It was a metal sphere of 58 cm in diameter, had a mass of 84 kg and four long antennas for sending the famous radio beeps, signalling the beginning of the space age.
The decades after Sputnik has brought us many services that are almost vital in everyday life flew us to the moon and opened new horizons in space. This revolution is celebrated always in early October with World Space Week.
The week starts today on 4 October and ends on 10 October, and that means World Space Week 2021 starts today!
The week features thousands of events globally, inspiring the next generation and celebrating this year especially the accomplishments and contributions of women to the space sector.
The WISA Woodsat team is also celebrating this week – not only by pushing the projects ahead but also by posting each day something interesting.
Today we just compare our satellite with Sputnik.
Sputnik was the first artificial satellite in orbit, WISA Woodsat will be the first wooden satellite.
Sputnik’s surface was covered with a highly polished 1 mm-thick aluminium–magnesium–titanium alloy, ours is 9mm thick WISA-Birch plywood machined to about 6 mm thick and covered with a protective layer, either with a super-thin, invisible aluminium layer made by ALD technology by Picosun or a two-component polyurethane varnish Temadur by Tikkurila.
While Sputnik was more than half a metre wide, our satellite is just slightly wider than 10 cm. Sputnik weighed 84 kg, WISA Woodsat is just less than one kilo.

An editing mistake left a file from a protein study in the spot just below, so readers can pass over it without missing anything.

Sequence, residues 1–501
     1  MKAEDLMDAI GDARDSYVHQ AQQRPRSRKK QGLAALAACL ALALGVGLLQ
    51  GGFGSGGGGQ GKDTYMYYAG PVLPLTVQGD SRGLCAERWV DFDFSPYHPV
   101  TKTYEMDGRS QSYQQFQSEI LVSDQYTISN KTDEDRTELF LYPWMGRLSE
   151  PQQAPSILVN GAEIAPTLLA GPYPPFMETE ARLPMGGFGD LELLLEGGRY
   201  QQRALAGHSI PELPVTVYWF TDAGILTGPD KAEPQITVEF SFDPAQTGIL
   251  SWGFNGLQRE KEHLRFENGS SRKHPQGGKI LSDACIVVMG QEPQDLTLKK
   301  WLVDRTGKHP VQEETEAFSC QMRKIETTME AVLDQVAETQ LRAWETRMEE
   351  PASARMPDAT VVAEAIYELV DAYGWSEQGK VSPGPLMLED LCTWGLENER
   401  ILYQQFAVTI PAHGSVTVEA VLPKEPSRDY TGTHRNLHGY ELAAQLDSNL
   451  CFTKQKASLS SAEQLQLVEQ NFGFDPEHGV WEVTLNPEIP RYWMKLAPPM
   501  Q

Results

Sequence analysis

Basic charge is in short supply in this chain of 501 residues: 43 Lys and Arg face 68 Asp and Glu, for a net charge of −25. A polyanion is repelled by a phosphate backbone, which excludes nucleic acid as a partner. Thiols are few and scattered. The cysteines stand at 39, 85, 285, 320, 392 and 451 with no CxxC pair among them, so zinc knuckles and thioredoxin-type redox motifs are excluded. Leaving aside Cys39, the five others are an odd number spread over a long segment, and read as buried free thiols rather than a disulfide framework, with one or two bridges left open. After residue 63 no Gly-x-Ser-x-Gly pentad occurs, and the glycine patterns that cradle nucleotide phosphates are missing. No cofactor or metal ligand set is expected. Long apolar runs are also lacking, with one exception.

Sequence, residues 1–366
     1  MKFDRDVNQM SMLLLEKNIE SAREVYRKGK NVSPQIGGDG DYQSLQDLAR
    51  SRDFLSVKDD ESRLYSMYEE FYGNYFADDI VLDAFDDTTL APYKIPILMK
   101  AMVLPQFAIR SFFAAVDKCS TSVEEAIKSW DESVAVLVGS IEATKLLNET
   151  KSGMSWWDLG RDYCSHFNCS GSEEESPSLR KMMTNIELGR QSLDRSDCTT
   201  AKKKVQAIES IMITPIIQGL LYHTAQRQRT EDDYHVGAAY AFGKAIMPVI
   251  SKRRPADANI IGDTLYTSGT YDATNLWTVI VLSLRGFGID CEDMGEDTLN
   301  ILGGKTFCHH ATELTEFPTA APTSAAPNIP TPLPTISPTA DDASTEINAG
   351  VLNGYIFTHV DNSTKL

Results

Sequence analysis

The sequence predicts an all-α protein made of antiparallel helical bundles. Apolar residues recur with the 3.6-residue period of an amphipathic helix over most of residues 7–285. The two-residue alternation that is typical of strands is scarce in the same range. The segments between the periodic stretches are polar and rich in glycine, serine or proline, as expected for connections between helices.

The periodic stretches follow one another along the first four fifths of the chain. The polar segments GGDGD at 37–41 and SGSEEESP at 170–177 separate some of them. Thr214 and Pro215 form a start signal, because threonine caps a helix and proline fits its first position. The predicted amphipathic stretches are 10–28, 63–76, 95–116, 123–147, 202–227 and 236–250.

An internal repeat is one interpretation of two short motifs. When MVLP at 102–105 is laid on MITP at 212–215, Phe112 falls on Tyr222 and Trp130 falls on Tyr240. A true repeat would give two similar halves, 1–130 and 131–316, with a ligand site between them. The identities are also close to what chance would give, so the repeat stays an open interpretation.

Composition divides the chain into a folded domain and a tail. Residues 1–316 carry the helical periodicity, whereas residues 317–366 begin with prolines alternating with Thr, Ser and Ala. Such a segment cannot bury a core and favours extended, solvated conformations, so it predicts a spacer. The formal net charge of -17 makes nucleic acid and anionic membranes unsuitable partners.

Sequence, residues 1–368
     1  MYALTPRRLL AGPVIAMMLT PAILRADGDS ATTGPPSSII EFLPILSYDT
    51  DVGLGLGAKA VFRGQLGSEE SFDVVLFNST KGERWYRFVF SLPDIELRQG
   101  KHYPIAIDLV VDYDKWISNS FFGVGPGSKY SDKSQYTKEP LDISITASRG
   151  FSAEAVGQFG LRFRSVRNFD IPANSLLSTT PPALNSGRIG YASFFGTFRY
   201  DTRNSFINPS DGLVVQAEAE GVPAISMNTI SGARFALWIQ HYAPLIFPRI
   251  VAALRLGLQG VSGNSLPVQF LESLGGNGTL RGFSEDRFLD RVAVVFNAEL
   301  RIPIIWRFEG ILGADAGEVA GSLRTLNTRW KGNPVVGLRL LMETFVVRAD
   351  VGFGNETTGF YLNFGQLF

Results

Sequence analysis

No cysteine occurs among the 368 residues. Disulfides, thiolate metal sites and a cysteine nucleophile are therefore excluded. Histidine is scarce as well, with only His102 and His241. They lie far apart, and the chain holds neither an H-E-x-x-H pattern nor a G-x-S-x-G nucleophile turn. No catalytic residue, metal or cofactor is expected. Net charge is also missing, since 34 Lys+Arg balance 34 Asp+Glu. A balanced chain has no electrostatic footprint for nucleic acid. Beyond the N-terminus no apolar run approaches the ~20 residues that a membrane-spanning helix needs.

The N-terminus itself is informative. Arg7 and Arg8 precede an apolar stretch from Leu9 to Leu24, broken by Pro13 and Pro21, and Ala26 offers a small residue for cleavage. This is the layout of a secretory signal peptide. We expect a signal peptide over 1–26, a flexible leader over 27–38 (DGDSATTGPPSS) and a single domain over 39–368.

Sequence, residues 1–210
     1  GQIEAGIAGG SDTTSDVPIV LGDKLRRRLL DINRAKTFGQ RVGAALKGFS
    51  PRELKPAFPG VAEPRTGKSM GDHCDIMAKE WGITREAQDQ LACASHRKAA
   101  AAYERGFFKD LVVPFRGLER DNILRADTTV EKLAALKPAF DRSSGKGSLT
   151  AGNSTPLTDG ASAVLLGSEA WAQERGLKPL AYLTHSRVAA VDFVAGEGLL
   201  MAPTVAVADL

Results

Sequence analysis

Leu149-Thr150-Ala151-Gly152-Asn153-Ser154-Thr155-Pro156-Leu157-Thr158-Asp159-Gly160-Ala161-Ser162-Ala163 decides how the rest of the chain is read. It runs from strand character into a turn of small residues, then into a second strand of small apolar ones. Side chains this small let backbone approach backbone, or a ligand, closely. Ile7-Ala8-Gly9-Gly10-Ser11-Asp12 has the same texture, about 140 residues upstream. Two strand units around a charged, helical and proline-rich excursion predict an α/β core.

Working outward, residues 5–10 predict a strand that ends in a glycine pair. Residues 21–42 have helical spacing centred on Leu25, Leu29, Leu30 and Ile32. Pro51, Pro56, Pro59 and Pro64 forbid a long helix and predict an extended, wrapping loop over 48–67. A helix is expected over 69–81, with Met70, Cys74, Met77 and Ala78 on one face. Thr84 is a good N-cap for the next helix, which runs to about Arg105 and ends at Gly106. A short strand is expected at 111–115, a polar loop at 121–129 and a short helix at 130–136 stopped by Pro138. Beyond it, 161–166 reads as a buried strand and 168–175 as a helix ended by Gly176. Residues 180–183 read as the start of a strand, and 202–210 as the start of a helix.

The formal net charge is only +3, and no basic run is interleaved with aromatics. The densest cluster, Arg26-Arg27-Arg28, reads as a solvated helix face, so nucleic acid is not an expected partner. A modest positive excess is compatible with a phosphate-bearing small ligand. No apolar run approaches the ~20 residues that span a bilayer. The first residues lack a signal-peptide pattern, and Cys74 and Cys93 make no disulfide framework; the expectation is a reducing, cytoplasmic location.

The maximum power of the Sputnik’s batteries was 1 W. Nine small solar panels of WISA Woodsat will produce 2 watts in optimal conditions.
And when the main purpose of Sputnik was just to operate in space and send radio signals, our satellite has a scientific purpose: studying the behaviour of the plywood in space and learning the methods how biomaterials can be used in space applications. Therefore WISA Woodsat has two cameras, one mini laboratory from the European Space Agency and an atomic oxygen experiment by Captain Corrosion from Estonia.
Our small satellite will be a fully packed cube, whilst Sputnik had quite a lot of empty space inside its sphere.
Sputnik’s whip-like antennas, each about 2,5 metres long, were open already during the launch, but our camera boom – a 20 cm long selfie stick – will open in space from the enclosure on the bottom part of the satellite. The scissor mechanism and the supporting structure are provided by Huld with help from Delva and Nurmilo; the parts are manufactured by 3D metal printing and are also first in space as additively manufactured metal parts have never been used before in critical parts of the satellite.
Just like almost any person with an HF radio had a possibility to listen to Sputnik's radio signals, also WISA Woodsat can be contacted by the radio amateurs: with LoRa technology anyone can build a ground station costing as little as 10 euros. Additionally, the photos and data of the satellite will be shared publicly on social media and our website.
Quite a change since Sputnik – and our satellite is definitely not the most advanced satellite, nor the smallest!